Through a Dog’s Ear

Now this brand is a major amongst music to calm pets. I’ve been hearing a lot about, and all good. It was even featured by Patricia Mcconnell, a well known dog behaviourist and author of acclaimed books such as: “On the Other End of the Leash”, “For the Love of A Dog: Understanding Emotions in You and Your Best Friend”. The reason it took me a while to showcase Through a Dog’s Ear on this blog is because there is so much to process! I mean these guys did some serious studies, published a full book on their findings and recorded multiple albums. At the same time there is not a single Youtube video I could embed to let you sample. But, I’m working on that and should have something coming soon in the slider on top. So keep checking back! I guarantee it’s worth it. Meanwhile, if you’d like to find out some more about the concept and the research, here’s a real good report from CBS (just bare with the first 24 seconds):

You can also check out their website with some listening samples and a directory of places to buy their music.

Music My Pet

Music My Pet was created by composer Tom Nazziola. Their first CD “Classic cuts” became a great success, with many happy customers (check out some of the comments on their facebook page or this positive review).

The music is essentially specially edited classical music. All of the “dramatic” parts in the classical compositions were omitted in Music My Pet recordings, leaving only the soothing sounds. Also, the choice of instruments was made with research on pet behaviour in mind. Harp, piano, classical guitar are all proven to help our pets unwind. On the other hand brass instruments, so commonly used in normal classical music recordings do not have that relaxing effect on animals and so were not used in Music My Pet compositions. Similarly to RelaxMyPet tunes, each track begins with a high-pitched tone, inaudible to people, but attracting your pet’s attention. If you want to hear more about the theory and process behind Music My Pet creations, here’s a pretty interesting radio interview with Tom Nazziola, involving also feedback from an animal behaviourist and a veterinarian.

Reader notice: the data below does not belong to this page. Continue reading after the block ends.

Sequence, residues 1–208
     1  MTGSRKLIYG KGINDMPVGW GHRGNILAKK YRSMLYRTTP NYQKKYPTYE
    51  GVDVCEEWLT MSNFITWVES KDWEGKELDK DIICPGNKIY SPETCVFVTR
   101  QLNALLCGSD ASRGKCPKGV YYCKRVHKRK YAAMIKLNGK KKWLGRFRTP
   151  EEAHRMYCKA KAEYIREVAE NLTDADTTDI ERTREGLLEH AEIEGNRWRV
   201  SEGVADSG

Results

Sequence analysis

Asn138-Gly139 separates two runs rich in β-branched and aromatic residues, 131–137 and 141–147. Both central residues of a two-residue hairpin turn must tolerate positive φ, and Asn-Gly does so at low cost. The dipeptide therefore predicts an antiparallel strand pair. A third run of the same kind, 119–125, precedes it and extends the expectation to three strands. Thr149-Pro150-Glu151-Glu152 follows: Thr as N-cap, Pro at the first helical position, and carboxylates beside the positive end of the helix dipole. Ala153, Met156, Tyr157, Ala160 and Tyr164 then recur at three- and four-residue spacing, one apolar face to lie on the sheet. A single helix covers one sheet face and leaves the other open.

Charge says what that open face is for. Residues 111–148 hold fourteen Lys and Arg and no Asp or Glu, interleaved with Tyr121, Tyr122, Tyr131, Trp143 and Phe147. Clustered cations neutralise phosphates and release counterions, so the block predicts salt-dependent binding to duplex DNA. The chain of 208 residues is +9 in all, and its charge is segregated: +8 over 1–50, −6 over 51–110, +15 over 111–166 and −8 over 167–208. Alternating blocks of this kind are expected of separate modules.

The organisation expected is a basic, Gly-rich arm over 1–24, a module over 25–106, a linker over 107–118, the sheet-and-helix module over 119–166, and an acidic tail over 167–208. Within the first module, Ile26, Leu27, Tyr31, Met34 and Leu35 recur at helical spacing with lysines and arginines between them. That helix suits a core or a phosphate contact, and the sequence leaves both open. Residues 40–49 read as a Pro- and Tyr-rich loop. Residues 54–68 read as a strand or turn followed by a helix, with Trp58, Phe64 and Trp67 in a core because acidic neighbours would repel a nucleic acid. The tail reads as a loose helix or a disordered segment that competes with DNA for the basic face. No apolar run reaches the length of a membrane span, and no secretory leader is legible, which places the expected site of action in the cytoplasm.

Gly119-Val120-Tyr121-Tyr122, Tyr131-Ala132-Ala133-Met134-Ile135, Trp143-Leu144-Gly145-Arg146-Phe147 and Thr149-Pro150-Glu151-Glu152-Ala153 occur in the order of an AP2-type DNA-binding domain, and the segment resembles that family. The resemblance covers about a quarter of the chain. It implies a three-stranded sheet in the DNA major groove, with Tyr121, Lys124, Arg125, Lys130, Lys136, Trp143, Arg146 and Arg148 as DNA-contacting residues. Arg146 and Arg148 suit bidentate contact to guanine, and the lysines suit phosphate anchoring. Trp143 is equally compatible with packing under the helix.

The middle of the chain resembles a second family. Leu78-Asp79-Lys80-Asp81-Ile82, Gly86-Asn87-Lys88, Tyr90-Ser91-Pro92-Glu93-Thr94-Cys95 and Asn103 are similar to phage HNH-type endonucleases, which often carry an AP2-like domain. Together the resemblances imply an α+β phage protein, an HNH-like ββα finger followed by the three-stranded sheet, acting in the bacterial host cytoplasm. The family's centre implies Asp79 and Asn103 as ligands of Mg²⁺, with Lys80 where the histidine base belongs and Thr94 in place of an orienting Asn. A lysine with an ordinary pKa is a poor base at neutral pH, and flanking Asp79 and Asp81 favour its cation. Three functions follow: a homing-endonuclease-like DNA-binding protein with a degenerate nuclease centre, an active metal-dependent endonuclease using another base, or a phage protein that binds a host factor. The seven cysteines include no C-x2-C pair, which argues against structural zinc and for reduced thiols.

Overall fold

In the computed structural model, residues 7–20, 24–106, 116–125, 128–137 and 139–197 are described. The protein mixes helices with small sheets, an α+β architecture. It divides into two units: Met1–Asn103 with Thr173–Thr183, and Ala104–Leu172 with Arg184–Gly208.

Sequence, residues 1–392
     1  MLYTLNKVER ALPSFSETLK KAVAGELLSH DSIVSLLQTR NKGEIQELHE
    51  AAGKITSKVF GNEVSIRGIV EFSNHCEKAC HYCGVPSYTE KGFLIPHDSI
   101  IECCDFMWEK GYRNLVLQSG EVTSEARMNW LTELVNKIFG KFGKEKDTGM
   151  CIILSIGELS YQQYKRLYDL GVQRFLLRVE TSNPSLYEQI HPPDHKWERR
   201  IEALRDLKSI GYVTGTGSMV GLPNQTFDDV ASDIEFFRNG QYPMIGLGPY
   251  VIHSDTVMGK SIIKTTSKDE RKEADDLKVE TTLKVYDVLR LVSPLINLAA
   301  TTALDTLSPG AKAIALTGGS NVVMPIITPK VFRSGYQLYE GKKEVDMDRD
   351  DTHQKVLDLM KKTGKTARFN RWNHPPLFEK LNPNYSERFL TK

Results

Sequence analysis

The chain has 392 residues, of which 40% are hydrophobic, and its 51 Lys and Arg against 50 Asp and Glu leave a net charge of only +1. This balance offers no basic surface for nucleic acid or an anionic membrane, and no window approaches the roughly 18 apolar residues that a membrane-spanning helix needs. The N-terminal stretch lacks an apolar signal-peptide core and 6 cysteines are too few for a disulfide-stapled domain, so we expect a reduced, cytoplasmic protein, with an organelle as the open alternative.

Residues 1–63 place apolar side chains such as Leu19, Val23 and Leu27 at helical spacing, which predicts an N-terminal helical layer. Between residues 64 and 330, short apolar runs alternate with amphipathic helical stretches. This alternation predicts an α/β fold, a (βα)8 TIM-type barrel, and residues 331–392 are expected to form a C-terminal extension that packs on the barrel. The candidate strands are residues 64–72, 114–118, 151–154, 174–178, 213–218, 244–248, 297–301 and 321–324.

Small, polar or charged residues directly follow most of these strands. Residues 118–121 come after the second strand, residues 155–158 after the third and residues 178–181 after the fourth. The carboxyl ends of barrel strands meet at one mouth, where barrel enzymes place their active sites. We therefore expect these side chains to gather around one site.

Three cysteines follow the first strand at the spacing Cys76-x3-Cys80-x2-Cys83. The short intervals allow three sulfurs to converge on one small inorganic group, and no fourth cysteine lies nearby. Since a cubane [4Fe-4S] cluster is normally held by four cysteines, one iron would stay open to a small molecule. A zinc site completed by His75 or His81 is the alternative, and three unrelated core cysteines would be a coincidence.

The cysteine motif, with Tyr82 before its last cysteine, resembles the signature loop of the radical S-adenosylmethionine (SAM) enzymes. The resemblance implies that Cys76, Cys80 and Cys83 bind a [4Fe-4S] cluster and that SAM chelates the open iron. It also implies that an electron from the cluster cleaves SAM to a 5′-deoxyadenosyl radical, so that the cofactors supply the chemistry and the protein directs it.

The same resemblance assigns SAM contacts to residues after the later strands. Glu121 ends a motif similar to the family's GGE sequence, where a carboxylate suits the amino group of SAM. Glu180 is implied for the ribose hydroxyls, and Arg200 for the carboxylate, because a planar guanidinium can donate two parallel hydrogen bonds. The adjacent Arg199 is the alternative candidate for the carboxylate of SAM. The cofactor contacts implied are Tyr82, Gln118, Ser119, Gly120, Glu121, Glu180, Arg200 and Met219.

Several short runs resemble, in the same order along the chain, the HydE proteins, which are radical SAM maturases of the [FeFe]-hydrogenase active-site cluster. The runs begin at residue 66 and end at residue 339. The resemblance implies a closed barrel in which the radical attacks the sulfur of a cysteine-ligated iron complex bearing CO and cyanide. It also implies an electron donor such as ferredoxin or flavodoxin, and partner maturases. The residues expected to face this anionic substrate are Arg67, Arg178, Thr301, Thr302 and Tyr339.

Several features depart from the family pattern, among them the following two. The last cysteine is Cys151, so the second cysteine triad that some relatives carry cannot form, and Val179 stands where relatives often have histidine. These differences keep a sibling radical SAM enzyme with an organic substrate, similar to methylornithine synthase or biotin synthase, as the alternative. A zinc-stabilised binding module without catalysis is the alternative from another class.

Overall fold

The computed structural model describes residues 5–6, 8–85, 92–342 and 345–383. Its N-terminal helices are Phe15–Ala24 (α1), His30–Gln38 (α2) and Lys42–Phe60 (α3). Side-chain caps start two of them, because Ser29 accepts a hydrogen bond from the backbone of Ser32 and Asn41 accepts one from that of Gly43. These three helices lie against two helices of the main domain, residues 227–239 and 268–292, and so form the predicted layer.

The company has lately released a new CD “Mellow melodies”. Having listened to some sample recordings, I have to say I loved it. Pretty sure Vadim will too. I’ll try it out during our next travels, which considering upcoming birthdays in the family should be soon. Meanwhile, let me know if you’ve had any experience with Music My Pet!

You can listen to more samples on their website, and download the tracks from Amazon, iTunes or cdbaby.

A great cause and an inspiring testimonial

Lately, I came across The Rescue Animal MP3 Project. They obtain licences from composers of pet-soothing music and distribute it for free to animal shelters. A great cause, especially since the testimonial is so positive about the music’s benefits. And no wonder really – a shelter full of stressed, barking dogs is put at ease by a CD supplied through the Project within 60 seconds of the record starting. See for yourselves:

Have you had any experience with this project or know of something similar? I would love to hear from you! Especially, since so far I seem to find calming music sold/used only in the US… Surely there must be something out there in other regions too?